Saturday, December 7, 2013
WATERVILLE - They met by chance before the game in the corridor outside the locker rooms. The lacrosse coach who left Colby College for rival Amherst and the two-time All-American who stayed to finish up his senior year.
Jon Thompson, as he did at Colby, is teaching his Amherst lacrosse players about a lot more than winning on the field. And as they did at Colby, his players are responding.
Photo Courtesy Amherst College
"I went for the handshake," said Jon Thompson, the 28-year-old coach. Craig Bunker brushed aside the outstretched arm and moved directly into the hug.
Both men knew the game would wring their emotions. Neither could put that feeling into words, fearing it would strip away their pregame denial. Saturday wasn't simply about lacrosse.
This was not your typical story of coach returns to the school that gave him his first head coaching job. When Colby hired Thompson three years ago, it wanted to change the perception that lacrosse is a sport of the privileged and the entitled.
That lacrosse players live by a code of conduct that winks at bad behavior. No one winked at the death of a female lacrosse player at the University of Virginia last spring. A male lacrosse player was charged.
No one winked when three Duke lacrosse players were charged with the rape of a stripper at a party held in the house of two lacrosse captains. The rape charge was proved false but not before there was a rush to judgment. Both incidents reinforced the stereotype.
Enter Thompson, a Freeport kid who graduated from North Yarmouth Academy and Brown University with a different code.
"Your legacy isn't how many beers you drink, how much money you have, how many women you've been with or what car you drive," Thompson said over coffee last spring, weeks before he took the job at Amherst. "Your legacy has everything to do with relationships."
With teammates, classmates, and family. With the custodians who clean up the locker room. With the secretaries in the athletic office. With strangers.
A week or two ago, Thompson gave his Amherst players a day off from practice. He handed out a list of Amherst support people and told his players to thank them and give the reason why. From the list, each player had to thank one person. If that person had already heard four thank-yous, the player had to move on to someone else.
Afterward, Amherst Athletic Director Suzanne Coffey started hearing from staffers. "It was the sincerity behind the thank-yous that made the impression."
Coffey needed a new lacrosse coach last summer. The usual search committee was formed and the name of a young coach kept coming back: Jon Thompson, who had just completed his second season at Colby. His team won 10 games last spring, the most since 2002.
His belief that one should earn everything and expect nothing had paid off big. Bunker, from Topsfield, Mass., being perhaps his best example. Colby had not had a two-time All-American in lacrosse before him.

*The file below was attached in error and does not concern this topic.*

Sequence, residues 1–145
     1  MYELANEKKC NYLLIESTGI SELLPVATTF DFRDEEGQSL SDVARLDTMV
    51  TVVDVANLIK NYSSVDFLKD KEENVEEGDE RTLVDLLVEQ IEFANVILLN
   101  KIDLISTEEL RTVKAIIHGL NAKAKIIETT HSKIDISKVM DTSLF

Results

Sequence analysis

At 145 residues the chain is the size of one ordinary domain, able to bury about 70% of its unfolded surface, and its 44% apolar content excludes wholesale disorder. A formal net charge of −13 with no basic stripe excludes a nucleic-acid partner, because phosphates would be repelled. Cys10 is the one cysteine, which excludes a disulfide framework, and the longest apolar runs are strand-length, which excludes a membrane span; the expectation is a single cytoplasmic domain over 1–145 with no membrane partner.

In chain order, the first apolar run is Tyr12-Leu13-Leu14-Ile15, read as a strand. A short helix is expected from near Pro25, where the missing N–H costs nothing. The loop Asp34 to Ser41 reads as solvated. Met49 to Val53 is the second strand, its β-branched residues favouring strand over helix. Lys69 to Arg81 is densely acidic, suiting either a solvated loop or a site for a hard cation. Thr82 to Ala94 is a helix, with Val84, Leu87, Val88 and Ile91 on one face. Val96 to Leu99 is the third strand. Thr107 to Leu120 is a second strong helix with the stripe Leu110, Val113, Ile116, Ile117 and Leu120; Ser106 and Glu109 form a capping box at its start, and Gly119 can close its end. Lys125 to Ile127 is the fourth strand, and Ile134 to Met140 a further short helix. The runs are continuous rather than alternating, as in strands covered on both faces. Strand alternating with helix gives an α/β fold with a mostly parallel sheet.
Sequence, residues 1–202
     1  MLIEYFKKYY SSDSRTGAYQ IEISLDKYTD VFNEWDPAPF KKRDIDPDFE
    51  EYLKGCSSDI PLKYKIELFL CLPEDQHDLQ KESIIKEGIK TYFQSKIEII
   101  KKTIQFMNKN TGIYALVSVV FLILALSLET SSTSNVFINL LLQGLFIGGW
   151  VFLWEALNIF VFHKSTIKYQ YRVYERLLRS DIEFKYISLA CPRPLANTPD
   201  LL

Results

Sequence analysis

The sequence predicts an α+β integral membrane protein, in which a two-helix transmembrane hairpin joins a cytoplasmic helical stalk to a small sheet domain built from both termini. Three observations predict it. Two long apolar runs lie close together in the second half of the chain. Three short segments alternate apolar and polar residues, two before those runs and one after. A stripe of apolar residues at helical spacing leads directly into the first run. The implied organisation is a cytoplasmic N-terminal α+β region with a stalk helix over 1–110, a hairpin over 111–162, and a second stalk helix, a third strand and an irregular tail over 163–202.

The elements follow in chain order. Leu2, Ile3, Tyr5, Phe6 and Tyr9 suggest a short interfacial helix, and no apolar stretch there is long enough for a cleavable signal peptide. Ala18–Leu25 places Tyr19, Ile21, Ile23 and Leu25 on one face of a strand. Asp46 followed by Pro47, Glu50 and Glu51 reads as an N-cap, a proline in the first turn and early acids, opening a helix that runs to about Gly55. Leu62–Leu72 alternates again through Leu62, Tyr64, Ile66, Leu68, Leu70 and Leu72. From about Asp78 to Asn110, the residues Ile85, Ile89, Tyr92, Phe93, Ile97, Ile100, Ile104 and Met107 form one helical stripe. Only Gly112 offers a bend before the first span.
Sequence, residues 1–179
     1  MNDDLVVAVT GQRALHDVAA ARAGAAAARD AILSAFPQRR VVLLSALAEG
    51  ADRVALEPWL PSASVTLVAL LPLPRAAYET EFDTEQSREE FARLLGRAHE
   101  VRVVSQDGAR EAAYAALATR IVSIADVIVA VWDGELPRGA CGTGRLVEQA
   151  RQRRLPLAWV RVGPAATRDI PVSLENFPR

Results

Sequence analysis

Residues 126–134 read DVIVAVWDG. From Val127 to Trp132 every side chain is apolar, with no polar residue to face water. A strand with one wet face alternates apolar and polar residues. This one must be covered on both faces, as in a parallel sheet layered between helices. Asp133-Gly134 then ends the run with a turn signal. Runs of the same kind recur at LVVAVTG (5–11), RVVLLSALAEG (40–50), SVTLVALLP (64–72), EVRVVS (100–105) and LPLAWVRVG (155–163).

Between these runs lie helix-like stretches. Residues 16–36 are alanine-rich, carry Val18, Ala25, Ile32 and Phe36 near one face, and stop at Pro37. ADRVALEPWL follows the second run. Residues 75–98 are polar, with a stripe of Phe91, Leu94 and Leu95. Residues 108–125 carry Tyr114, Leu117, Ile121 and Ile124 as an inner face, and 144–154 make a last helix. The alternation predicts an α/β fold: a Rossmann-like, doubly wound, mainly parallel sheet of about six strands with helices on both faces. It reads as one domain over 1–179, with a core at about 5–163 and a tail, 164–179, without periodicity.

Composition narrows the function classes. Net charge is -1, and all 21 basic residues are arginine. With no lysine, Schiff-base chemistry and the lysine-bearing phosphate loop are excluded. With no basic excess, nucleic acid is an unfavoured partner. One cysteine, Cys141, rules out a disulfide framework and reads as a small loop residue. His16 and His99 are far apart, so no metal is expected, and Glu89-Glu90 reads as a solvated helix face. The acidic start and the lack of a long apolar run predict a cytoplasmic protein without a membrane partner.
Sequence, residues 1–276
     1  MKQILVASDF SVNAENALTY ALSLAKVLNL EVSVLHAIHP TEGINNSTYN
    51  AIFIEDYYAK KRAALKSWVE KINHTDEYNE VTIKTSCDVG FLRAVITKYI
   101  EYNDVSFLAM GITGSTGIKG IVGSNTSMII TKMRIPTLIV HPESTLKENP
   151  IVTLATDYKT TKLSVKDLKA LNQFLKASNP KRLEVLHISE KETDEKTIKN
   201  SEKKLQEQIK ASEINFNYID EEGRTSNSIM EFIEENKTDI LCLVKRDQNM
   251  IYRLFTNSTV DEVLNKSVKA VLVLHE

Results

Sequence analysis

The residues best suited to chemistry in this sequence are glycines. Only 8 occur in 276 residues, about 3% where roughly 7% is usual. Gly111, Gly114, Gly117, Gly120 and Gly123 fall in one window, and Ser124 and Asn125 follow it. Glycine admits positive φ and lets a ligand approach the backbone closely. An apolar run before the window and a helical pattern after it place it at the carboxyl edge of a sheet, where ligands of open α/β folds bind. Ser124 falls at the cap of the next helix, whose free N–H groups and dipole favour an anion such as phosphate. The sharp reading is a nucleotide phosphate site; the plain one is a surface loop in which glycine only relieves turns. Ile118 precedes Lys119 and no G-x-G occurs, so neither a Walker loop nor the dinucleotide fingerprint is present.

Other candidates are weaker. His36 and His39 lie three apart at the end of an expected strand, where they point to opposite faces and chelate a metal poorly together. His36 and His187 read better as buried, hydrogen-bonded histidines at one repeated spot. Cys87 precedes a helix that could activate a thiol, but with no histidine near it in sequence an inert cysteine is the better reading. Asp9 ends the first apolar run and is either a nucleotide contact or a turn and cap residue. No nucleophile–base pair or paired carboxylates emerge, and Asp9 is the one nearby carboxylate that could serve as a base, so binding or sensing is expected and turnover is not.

Thompson worked hard to get into the heads of Colby players. In fact, he reached their souls. "It's not about winning games but creating men," said Jason Forino, a captain from Sudbury, Mass., on Thompson's first Colby team.
"The minute he stepped on campus, the program changed. It was definitely an adjustment for all of us. We weren't held accountable before."
Not coincidentally, Gabe Mann, the Amherst senior captain, said much the same thing. "He sees us as people first. He's always asking about our lives. He brought an energy we didn't have before."
Thompson, who was restoring a house in Gardiner with his wife, Susanna, didn't go to Amherst for more money, the prevailing belief at Colby. He went, he said, because he believed he could build a national champion more quickly and not compromise his beliefs.
He's stubborn, or more determined. At NYA, where hockey was his love, he denied his asthma, except for an understanding with his varsity coach, Kevin Potter.
If at any time Thompson needed to stop practicing, he could.
One day, Potter kept his players on the ice longer for sprints. Thompson collapsed. "I remember someone cutting my gear off. I lost consciousness."
He was given oxygen and rushed to the hospital. "I thought we were going to lose him," said Potter.
"He wasn't going to use his asthma to separate himself from his teammates."
Thompson isn't his players' buddy. Neither does he separate himself. At Colby and at Amherst, he has involved his team in community causes. Sometimes that means long runs to raise money. Thompson takes the first leg.
He won over any early skeptics at Amherst, an underperforming program in recent years. Saturday, the Lord Jeffs took a 10-game winning streak and top-10 ranking in the game with Colby, which was 5-5.
Days before, Craig Bunker had said he and his teammates were taking it as just another big game. New coach Justin Domingos said the same thing just before the opening faceoff. Get too emotional and bad things happen.
Colby jumped out to a 3-0 lead. Amid the growing crowd of Colby fans, several hockey players lofted a bed sheet with the words Moral Compass painted in big letters above a hand-drawn compass, pointing south.
Moral Compass was a swipe at Thompson's apparent abandonment of Colby. While on campus, said the hockey players, Thompson had talked about his compass pointing north. Cries of "traitor" were heard.
Amherst rallied to tie the game at 3. It was tied again at 5 and 6 as Colby kept its offense in the Amherst end. Amherst won 7-6 with a goal scored with 1.4 seconds left in overtime.
"I'm glad it's over," said Thompson, amid the new round of hugs from Colby friends and former players. He's an emotional guy who guides himself with this:
"If you tell a man how, he'll always ask why. If you tell a man why, he'll figure out how."
Staff Writer Steve Solloway can be contacted at 791-6412 or at: